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Simple Men [UK] Blu-ray Review

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The Film

[Rating:3.5/5]

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If one goes into New York independent filmmaker Hal Hartley’s films expecting them to make sense in any sort of traditional, linear fashion, then one is certainly going to be disappointed. Like the best (or worst) of Hartley’s idiosyncrasies in his craft, his 1992 effort Simple Men doesn’t always stack up to the undercurrent of potential so aching to be set free, but what it is, is an obvious vision of an artist molding a personal statement against the flow, counter to the current of the industry at large, and it has so many shining moments, that, taken as a whole, it becomes an enjoyable journey.

Simple Men is like a post-Beatnik, surrealist journey through Americana, or, at the very least Long Island, that, like Hartley is wont to do, begins with a misdirection. Bill McCabe (Robert John Burke) is in the middle of a big computer equipment heist when he is double-crossed by his girlfriend. He then vows revenge on womankind by virtue of the fact that he will seduce the next beautiful woman he sees and break her heart. Meanwhile, when he meets up with his younger brother Dennis (Bill Sage), a philosophy major, the two quickly have other concerns. Their father, a once star major league shortstop turned radical terrorist accused of bombing the Pentagon who has been on the lam for over twenty-years and been caught by the FBI, but escaped custody again and Dennis wants to go looking for him. Based on information from their mother, the two brothers head out to Long Island. The siblings end up at a diner where, among the groups of colorful characters the siblings meet, are the beautiful blonde Kate (Karen Sillas), whom Bill is immediately taken by, her foreign friend Elina (Elina Löwensohn), Jill’s ex-husband Jack (Joe Stevens) and his best friend Martin (Martin Donovan), both of whom are in love with and vying for her attention. As Bill falls for Jill and deals with her ex-husband’s angry best friend, Dennis discovers that the mysterious Elina may have a connection to their father.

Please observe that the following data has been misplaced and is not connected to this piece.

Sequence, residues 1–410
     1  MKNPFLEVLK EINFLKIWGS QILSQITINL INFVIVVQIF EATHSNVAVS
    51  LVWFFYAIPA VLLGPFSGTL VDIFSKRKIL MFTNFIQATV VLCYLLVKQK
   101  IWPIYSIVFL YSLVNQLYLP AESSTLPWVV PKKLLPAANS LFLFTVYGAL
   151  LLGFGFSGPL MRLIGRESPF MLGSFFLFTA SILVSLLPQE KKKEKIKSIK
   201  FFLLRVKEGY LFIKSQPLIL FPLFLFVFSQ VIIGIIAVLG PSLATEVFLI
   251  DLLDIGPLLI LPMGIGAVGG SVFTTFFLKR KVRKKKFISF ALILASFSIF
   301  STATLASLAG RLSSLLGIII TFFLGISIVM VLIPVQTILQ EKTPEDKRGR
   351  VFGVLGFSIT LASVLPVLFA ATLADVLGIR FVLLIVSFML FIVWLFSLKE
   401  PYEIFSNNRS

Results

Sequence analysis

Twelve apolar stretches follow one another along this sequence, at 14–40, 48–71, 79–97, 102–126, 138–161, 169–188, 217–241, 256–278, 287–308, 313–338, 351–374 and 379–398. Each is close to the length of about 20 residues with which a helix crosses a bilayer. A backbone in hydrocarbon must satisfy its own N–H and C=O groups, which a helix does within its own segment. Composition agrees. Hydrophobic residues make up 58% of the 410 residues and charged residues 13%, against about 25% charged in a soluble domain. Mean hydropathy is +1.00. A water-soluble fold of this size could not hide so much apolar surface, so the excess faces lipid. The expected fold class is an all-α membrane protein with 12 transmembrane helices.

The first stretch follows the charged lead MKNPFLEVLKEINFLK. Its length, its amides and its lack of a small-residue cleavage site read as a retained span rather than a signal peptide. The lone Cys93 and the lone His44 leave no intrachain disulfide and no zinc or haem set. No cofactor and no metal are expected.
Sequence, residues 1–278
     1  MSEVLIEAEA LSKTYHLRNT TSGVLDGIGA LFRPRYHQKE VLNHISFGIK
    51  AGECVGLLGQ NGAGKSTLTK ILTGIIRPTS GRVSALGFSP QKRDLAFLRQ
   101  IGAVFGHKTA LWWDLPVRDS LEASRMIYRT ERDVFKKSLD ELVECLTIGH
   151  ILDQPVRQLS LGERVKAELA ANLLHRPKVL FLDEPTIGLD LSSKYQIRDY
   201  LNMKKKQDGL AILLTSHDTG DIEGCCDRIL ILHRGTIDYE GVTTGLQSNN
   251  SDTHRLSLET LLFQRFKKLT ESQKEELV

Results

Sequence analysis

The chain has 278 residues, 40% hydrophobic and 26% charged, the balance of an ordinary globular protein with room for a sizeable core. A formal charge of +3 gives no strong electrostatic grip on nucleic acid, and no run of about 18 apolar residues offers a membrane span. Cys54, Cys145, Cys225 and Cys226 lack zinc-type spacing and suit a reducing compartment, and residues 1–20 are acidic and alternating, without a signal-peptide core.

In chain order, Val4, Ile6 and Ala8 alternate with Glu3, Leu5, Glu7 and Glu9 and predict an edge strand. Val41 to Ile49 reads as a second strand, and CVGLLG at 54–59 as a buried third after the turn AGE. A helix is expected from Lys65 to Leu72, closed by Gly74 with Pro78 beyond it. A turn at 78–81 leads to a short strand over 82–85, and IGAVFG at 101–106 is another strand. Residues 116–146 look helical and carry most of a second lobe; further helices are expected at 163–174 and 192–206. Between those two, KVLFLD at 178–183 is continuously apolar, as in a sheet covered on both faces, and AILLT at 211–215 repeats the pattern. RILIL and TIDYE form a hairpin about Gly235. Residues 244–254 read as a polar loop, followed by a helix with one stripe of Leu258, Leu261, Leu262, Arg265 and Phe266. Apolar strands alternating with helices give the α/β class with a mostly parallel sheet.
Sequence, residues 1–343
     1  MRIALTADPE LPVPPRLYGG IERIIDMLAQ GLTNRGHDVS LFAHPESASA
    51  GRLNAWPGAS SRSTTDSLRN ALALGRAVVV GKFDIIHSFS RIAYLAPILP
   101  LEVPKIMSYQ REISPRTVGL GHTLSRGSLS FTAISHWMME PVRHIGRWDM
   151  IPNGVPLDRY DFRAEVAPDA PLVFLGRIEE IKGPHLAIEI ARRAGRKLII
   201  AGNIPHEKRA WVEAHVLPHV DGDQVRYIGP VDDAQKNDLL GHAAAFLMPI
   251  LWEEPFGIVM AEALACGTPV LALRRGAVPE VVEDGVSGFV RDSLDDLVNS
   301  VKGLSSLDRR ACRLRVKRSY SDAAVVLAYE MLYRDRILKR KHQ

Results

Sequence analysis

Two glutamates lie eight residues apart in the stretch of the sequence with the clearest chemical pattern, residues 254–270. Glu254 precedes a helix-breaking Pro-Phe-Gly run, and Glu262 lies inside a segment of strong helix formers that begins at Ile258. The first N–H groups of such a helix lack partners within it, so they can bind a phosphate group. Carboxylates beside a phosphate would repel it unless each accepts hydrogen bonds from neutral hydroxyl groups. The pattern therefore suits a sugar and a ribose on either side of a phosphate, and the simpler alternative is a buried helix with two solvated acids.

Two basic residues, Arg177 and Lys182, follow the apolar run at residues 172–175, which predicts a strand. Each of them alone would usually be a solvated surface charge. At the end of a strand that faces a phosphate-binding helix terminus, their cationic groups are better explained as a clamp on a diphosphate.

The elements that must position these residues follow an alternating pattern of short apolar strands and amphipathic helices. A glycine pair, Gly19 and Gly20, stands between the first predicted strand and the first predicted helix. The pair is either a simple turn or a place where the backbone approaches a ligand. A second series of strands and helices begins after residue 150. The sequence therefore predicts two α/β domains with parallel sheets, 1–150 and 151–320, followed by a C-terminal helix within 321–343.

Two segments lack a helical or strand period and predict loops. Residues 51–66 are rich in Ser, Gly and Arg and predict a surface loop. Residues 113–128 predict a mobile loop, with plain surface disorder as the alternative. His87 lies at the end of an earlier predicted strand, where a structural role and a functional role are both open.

In watching Simple Men, the key to understanding and enjoying it is to not seek to follow each individual thread, but, rather, to find the spontaneous moments that really standout. For example, the at first somewhat out of place dance routine set to Sonic Youth’s “Kool Thing”, that, upon further scrutiny, is one of the more lucid windows into suburban anxiety – one of Hartley’s favorite topics. Another humorous and simultaneously genius moment is a hot discussion about Madonna and commercialism in modern pop music. Although it does tend to tilt into the pretentious, even in this latter mentioned dialogue, Simple Men, like all Hartley Films succeeds because of the interactions and oddities of its characters, and Hartley’s constant searching for a unique cinematic language.

Video Quality

[Rating:4.5/5]

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One can’t argue with this nearly flawless transfer of Simple Men from Artificial Eye, arriving with a 1.78:1 AVC/MPEG-4 1080p encodement. The image is clean and crisp with a beautiful texture and a finely layered grain structure. Contrast is strong, darks are deep and nuanced while whites are bright, pushed ever so close to the point of clipping in some spots, but not to where it really hinders detail. Colors are vibrant and flesh tones look naturalistic.

Audio Quality

[Rating:4/5]

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The original monaural soundtrack is offered up in a punchy LPCM 2.0 (48kHz/24bit) track that has very little crackle and really has some kick during the famous dance sequence.

Supplemental Materials

[Rating:1.5/5]

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There are two featurettes included, both in standard definition. I wish there were more included here, but at least we do get an interview with the director himself.

The supplements:

  • Upon Reflection: Simple Men (1.33:1; SD/PAL; 00:16:15) – Interview/documentary
  • Trouble and Desire — An Interview with Hal Hartley (1.33:1; SD/PAL; 00:39:18)

The Definitive Word

Overall:

[Rating:3.5/5]

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Simple Men is one of the weaker films in the early Hal Hartley catalogue, but it is still full of richly acted and written moments of American suburbia, romance, and men finding themselves. Hartley has a voice all his own, even when he is alluding to nouvelle vague auteurs such as Godard. Star watchers might want to look for an early appearance by Charmed star Holly Marie Combs in this one as well.

Additional Screen Captures

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[amazon-product region=”uk” tracking_id=”bluraydefinit-21″]B00BSX69LC[/amazon-product]

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